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Title: MAGGIE Component 1: Identification and Purification of Native and Recombinant Multiprotein Complexes and Modified Proteins from Pyrococcus furiosus

Virtualy all cellular processes are carried out by dynamic molecular assemblies or multiprotein complexes (PCs), the composition of which is largely unknown. Structural genomics efforts have demonstrated that less than 25% of the genes in a given prokaryotic genome will yield stable, soluble proteins when expressed using a one-ORF-at-a-time approach. We proposed that much of the remaining 75% of the genes encode proteins that are part of multiprotein complexes or are modified post-translationally, for example, with metals. The problem is that PCs and metalloproteins (MPs) cannot be accurately predicted on a genome-wide scale. The only solution to this dilemma is to experimentally determine PCs and MPs in biomass of a model organism and to develop analytical tools that can then be applied to the biomass of any other organism. In other words, organisms themselves must be analyzed to identify their PCs and MPs: “native proteomes” must be determined. This information can then be utilized to design multiple ORF expression systems to produce recombinant forms of PCs and MPs. Moreover, the information and utility of this approach can be enhanced by using a hyperthermophile, one that grows optimally at 100°C, as a model organism. By analyzing the native proteome at closemore » to 100 °C below the optimum growth temperature, we will trap reversible and dynamic complexes, thereby enabling their identification, purification, and subsequent characterization. The model organism for the current study is Pyrococcus furiosus, a hyperthermophilic archaeon that grows optimally at 100°C. It is grown up to 600-liter scale and kg quantities of biomass are available. In this project we identified native PCs and MPs using P. furiosus biomass (with MS/MS analyses to identify proteins by component 4). In addition, we provided samples of abundant native PCs and MPs for structural characterization (using SAXS by component 5). We also designed and evaluated generic bioinformatics and experimental protocols for PC and MP production in other prokaryotes of DOE interest. The research resulted in ten peer-reviewed publications including in Nature and Nature Methods.« less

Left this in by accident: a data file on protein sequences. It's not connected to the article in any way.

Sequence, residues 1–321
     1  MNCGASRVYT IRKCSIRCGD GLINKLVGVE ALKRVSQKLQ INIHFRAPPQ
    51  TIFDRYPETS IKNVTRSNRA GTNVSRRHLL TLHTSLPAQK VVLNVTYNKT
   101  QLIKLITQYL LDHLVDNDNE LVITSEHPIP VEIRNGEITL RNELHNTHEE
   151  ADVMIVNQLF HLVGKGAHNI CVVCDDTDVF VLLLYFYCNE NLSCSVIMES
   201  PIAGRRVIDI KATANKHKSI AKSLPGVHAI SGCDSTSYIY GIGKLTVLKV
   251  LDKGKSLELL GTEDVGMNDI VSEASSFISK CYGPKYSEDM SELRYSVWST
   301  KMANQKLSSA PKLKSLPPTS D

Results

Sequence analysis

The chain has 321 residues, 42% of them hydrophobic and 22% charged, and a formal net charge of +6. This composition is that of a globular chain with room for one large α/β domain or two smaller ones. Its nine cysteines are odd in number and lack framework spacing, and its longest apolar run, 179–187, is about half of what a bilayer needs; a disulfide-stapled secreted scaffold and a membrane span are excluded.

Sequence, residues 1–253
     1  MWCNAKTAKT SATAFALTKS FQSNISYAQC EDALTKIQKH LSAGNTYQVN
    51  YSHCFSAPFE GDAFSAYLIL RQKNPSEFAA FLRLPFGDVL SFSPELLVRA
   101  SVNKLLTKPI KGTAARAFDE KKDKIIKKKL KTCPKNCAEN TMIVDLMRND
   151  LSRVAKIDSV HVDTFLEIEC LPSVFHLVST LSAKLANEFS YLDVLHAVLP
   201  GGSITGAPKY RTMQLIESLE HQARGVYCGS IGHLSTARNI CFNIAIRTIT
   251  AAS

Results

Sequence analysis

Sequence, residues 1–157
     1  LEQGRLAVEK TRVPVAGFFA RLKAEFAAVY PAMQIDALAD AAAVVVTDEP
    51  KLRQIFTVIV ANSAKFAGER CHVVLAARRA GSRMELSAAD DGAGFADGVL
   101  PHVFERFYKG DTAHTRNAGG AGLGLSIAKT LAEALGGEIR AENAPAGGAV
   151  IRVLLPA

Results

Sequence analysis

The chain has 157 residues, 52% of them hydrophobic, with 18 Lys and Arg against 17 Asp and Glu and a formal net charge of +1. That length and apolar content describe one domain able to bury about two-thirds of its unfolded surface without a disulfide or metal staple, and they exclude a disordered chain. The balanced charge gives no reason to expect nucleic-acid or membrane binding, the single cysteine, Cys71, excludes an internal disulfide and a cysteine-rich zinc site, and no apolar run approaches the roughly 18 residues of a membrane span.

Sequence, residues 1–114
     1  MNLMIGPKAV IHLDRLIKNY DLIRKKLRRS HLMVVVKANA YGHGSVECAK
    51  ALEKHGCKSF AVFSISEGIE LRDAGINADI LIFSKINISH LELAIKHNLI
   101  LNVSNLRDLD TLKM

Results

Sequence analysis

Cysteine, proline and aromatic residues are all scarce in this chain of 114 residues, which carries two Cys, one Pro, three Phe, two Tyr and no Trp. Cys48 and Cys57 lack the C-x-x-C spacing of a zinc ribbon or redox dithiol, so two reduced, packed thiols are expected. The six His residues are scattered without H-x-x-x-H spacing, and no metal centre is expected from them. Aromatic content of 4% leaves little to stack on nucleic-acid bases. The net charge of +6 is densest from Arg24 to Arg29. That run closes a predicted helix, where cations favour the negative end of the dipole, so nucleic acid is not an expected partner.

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  1. University of Georgia
Publication Date:
OSTI Identifier:
Report Number(s):
DOE Contract Number:
Resource Type:
Technical Report
Research Org:
University of Georgia
Sponsoring Org:
USDOE Office of Science (SC), Biological and Environmental Research (BER) (SC-23)
Contributing Orgs:
University of Georgia, Lawrence Berkeley National Laboratory, Scripps Research Institute, Institute for Systems Biology.
Country of Publication:
United States